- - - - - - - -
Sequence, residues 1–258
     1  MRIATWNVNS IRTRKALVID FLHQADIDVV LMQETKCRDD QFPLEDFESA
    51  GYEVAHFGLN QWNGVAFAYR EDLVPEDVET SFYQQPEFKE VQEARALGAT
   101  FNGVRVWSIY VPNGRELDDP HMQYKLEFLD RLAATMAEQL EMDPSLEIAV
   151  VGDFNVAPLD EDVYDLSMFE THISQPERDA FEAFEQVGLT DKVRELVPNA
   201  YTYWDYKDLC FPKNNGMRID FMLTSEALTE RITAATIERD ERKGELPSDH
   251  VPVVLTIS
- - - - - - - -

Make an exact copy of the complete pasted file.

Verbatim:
Sequence, residues 1–258
     1  MRIATWNVNS IRTRKALVID FLHQADIDVV LMQETKCRDD QFPLEDFESA
    51  GYEVAHFGLN QWNGVAFAYR EDLVPEDVET SFYQQPEFKE VQEARALGAT
   101  FNGVRVWSIY VPNGRELDDP HMQYKLEFLD RLAATMAEQL EMDPSLEIAV
   151  VGDFNVAPLD EDVYDLSMFE THISQPERDA FEAFEQVGLT DKVRELVPNA
   201  YTYWDYKDLC FPKNNGMRID FMLTSEALTE RITAATIERD ERKGELPSDH
   251  VPVVLTIS